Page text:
Jerr casually mentioned the other day that tarts aren't very different from pies. And since then, I've obsessed over finding the perfect recipe and tart pan. Now that I'm pretty confident in my pie baking skills, I thought I'd move onto something that's seemingly more difficult. Baby steps, right?
I'm slightly ashamed that I didn't know this before...but while shopping for tart pans, I realized that most of them conveniently had bottoms that popped out, making it super easy for removal! This was something that I had worried about, that kept me from attempting it sooner. The scalloped edges seemed so delicate and I was convinced that I would break the pastry before I could get it out in one piece. But apparently the Baking Gods thought of everything when they created this perfect, user-friendly piece! But just to be on the safe side, I took extra precaution by getting a non-stick one (the Baking Gods can only do so much when up against my clumsiness).
Ok anyway, enough babbling. Here's documentation of my tart baking adventure:
The dough is pretty straight-forward and "easy to understand," once you've worked with pie dough. The two are quite similar in texture and you work with them in the same way. The tart dough was maybe a taaaad less fragile. (Refer to these two posts for tips: Blueberry Pie and All About Pies.)
Form into a ball to refrigerate. The recipe said to chill for 30 mins, but that was definitely not enough time! Even with my non-stick mat, the dough was too warm and difficult to lift off without breaking. I'd say chill for at least 1-2 hrs.
Next, roll out the dough and press it into the tart pan. Pretty easy, if you've chilled it sufficiently. If you find it to be too difficult to work with, roll it back up and stick it in the fridge for longer.
Before baking, cover the pie crust with wax paper or foil and pour a bag of beans or pie weights into the pan. I've been meaning to get a jar of ceramic pie weights, but haven't gotten around to it.
So I used beans. This step is necessary because it keeps the crust from blistering or producing air bubbles while baking. Also, the ceramic ones are nice because it allows the crust to bake evenly.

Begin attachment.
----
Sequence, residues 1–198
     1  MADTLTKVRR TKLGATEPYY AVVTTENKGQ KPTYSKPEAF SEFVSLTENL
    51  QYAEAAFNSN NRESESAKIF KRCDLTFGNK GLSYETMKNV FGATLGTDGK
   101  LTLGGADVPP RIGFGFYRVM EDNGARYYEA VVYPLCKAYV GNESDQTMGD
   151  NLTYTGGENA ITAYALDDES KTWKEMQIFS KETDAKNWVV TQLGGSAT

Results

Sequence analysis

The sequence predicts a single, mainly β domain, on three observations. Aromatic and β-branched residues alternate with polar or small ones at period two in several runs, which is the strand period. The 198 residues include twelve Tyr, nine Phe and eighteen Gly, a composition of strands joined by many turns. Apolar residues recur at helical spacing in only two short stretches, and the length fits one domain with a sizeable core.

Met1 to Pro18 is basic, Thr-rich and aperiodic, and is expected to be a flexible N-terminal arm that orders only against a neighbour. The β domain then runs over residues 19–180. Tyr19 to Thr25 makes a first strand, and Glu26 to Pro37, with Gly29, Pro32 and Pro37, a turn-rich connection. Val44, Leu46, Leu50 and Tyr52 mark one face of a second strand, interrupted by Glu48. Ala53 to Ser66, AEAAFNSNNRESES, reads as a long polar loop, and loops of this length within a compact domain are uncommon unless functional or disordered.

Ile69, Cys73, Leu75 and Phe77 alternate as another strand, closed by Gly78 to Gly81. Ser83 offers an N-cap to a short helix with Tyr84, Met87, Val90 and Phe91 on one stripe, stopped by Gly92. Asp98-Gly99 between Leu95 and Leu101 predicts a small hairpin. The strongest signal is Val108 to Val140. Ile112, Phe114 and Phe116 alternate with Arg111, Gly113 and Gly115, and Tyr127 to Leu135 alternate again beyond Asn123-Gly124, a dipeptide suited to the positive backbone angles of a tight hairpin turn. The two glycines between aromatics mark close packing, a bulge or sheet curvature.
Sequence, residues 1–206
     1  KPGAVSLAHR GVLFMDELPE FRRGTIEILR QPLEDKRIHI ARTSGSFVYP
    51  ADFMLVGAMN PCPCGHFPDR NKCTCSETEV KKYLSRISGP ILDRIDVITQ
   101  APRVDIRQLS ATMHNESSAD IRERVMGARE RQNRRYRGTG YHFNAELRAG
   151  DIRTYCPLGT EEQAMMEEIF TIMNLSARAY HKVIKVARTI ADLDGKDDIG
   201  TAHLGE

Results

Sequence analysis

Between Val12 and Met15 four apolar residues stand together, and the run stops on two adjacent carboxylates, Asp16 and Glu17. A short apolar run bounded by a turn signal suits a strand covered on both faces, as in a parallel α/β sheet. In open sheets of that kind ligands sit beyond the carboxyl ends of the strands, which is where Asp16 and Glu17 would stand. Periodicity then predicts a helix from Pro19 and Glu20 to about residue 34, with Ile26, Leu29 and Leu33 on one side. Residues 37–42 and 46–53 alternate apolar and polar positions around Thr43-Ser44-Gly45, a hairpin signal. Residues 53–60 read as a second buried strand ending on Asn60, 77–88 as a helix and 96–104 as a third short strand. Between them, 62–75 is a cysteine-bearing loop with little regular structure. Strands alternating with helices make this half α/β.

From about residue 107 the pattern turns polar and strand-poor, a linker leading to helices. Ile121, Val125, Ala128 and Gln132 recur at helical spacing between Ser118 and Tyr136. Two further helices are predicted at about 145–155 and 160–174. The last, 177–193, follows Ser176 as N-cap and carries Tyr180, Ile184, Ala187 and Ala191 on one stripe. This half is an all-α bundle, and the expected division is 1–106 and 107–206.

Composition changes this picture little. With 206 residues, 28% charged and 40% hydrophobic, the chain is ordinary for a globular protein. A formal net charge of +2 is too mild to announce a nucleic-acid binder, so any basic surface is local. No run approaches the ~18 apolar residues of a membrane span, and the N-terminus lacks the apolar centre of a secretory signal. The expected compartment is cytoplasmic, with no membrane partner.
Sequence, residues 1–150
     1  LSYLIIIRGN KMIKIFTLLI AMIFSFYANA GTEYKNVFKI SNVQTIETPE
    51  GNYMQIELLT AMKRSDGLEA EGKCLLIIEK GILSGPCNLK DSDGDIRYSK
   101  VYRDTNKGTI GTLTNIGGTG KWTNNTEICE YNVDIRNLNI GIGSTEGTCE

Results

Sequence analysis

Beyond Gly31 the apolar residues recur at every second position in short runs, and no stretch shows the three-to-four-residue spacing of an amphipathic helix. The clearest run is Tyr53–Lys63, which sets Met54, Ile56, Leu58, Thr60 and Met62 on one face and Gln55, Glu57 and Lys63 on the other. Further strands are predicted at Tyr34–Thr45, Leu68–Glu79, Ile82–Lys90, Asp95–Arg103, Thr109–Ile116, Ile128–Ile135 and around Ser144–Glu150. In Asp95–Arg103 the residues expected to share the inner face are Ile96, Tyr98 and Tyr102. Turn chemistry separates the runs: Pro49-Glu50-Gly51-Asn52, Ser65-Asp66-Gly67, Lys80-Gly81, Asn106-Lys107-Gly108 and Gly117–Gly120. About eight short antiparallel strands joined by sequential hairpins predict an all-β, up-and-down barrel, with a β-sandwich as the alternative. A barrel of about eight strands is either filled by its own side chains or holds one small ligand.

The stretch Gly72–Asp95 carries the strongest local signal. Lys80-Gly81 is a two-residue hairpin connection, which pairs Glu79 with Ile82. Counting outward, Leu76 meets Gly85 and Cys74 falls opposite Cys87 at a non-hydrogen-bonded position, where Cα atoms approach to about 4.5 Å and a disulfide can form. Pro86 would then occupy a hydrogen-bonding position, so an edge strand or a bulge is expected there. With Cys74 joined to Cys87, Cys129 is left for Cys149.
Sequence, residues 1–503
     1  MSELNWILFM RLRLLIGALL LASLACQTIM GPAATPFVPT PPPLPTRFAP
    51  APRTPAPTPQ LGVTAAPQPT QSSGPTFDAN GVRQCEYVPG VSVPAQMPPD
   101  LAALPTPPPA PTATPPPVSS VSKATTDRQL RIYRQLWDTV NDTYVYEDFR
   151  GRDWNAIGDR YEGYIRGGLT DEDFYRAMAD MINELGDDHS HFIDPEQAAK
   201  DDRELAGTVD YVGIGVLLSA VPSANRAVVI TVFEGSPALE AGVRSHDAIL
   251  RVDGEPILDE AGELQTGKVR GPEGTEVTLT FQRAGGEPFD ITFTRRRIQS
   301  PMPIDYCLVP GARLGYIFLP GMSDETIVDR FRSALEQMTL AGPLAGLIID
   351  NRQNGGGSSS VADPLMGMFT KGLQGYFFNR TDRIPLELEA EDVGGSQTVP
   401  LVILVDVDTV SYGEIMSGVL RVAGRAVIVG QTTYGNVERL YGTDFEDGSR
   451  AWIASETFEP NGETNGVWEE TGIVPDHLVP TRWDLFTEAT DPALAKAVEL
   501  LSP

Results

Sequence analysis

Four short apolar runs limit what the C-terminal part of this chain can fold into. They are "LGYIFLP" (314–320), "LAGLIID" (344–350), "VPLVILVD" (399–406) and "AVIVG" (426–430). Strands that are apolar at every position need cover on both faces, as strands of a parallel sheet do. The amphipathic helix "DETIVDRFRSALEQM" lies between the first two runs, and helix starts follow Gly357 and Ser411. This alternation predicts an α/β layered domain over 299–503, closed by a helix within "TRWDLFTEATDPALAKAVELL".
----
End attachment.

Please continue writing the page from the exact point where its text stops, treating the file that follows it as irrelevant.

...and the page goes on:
After baking with the beans for 5 minutes, remove them and poke the crust with a fork before putting it back into the oven. Poking it also makes sure it doesn't puff up and break your crust.
The crust came out a perfect golden brown...
...and I had no trouble popping it out of the pan! Thank you, Baking Gods!
Next, onto the filling! It was pretty straight-forward and the instructions were easy to follow. It turned out to be a pretty, soft yellow color, with the consistency of vanilla pudding.
The recipe said to refrigerate the filling before spreading it into the tart crust. However, when I pulled it out of the fridge, it had become super solidified and difficult to spread (think play-dough consistency). But I was able to thin it out by mixing 1 Tbsp of cream (or milk) at a time, until it thinned out enough to spread. About 2-3 Tbsp total.
It was pretty easy to spread once the cream was well mixed.
In the recipe, they used a mixture of berries, but since I've been on this summer-induced blueberry craze... =)
Spread the blueberries over the tart filling. I like a lot of berries on my tarts, so I piled it on until it practically overflowed!
Sprinkle with powdered sugar and here you have it:This recipe was fantastic! My family went crazy for it and it disappeared within a few hours. The filling was especially great! It had a custard-like consistency and was light on the palate...not too sweet, but just sweet enough. The dough wasn't especially heavy and buttery like pie crusts are, which added to the lightness. In the summer, when I crave sweets, I usually want something on the lighter side. This was the perfect kind of dessert for those hot summer days! The sweetness of the berries was the highlight of this treat!